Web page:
Uncle tom's cabin - online children's book

Complete unabridged version in one volume

Home Main Menu Order Support About Search

Share page  

Previous Contents Next

LIFE AMONG THE LOWLY            199
Orleans rise to our view, there is yet time for an introduc­tion to Miss Ophelia.
Whoever has. traveled in the New England States will remember, in some cool village, the large farm-house, with its clean-swept grassy yard, shaded by the dense and mas­sive foliage of the sugar-maple; and remember the air of order and stillness, of perpetuity and unchanging repose, that seemed to breathe over the whole place. Nothing lost, or out of order; not a picket loose in the fence, not a particle of litter in the turfy yard, with its clumps of lilac-bushes growing up under the windows. Within, he will remember wide, clean rooms, where nothing ever seems to be doing or going to be done, where everything is once and forever rigidly in place, and where all household ar­rangements move with the punctual exactness of the old clock in the corner. In the family " keeping-room," as it is termed, he will remember the staid, respectable old bookcase, with its glass doors, where Rollin's History, Milton's Paradise Lost, Bunyan's Pilgrim's Progress, and Scott's Family Bible stand side by side in decorous order, with multitudes of other books, equally solemn and re­spectable. There are no servants in the house, but the lady in the snowy cap, with the spectacles, who sits sewing every afternoon among her daughters, as if nothing ever had been done, or were to be done, — she and her girls, in some long-forgotten fore part of the day, " did up the work" and for the rest of the time, probably, at all hours when you would see them, it is "done up." The old kitchen floor never seems stained or spotted; the tables, the chairs, and the various cooking utensils never seem deranged or disordered; though three and sometimes four meals a day are got there, though the family washing and ironing is there performed, and though pounds of butter and cheese are in some silent and mysterious man­ner there brought into existence.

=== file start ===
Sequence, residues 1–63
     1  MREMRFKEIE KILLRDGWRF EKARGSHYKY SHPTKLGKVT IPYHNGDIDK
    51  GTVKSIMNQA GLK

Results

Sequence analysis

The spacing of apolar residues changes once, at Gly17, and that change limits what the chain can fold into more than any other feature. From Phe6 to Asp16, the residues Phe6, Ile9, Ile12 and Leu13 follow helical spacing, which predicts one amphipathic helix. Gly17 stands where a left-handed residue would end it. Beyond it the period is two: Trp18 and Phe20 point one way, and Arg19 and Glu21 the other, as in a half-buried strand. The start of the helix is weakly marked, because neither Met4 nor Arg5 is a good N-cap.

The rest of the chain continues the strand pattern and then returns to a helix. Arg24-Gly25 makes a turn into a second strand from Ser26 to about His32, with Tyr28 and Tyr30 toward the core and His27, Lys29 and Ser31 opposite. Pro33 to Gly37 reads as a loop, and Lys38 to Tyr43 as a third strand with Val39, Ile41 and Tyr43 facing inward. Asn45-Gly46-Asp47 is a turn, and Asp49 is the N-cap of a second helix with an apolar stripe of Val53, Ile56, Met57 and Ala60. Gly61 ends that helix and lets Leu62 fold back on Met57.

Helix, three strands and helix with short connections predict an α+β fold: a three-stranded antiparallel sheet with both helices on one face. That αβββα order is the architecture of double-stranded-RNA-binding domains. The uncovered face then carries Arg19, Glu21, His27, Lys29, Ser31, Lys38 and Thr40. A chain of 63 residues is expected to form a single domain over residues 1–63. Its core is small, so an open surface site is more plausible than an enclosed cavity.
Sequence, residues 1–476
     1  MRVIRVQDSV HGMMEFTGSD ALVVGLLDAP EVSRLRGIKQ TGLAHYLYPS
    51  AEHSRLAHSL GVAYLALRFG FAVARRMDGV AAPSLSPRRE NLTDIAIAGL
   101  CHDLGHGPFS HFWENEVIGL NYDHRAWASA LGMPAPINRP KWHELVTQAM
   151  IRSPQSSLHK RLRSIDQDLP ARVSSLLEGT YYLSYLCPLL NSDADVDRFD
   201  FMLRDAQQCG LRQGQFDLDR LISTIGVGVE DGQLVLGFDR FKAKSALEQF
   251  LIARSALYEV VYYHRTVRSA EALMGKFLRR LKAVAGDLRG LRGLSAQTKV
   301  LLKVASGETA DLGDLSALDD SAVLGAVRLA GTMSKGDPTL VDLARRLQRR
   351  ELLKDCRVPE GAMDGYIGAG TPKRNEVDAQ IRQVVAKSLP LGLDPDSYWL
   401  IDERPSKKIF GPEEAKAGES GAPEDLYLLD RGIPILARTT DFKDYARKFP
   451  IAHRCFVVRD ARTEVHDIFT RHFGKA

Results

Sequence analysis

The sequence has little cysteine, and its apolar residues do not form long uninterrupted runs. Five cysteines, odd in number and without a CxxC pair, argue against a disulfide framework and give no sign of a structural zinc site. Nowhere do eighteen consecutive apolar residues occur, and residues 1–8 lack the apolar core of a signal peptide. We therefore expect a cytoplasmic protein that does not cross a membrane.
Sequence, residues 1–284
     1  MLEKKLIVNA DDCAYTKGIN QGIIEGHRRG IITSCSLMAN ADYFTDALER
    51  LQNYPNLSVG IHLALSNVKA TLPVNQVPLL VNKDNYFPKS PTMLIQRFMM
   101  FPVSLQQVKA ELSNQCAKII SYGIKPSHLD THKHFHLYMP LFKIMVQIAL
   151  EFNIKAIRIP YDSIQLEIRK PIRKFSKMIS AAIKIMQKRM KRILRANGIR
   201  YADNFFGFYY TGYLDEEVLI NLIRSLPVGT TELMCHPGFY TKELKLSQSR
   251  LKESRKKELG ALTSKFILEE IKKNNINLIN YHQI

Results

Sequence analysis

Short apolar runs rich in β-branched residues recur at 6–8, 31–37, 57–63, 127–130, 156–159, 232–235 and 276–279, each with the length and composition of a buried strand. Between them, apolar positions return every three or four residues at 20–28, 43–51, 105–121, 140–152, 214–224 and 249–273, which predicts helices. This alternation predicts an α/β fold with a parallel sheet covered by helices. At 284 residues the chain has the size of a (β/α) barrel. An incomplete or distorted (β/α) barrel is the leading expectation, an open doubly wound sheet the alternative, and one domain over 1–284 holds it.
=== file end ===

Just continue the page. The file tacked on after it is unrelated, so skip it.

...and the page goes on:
On such a farm, in such a house and family, Miss Ophelia had spent a quiet existence of some forty-five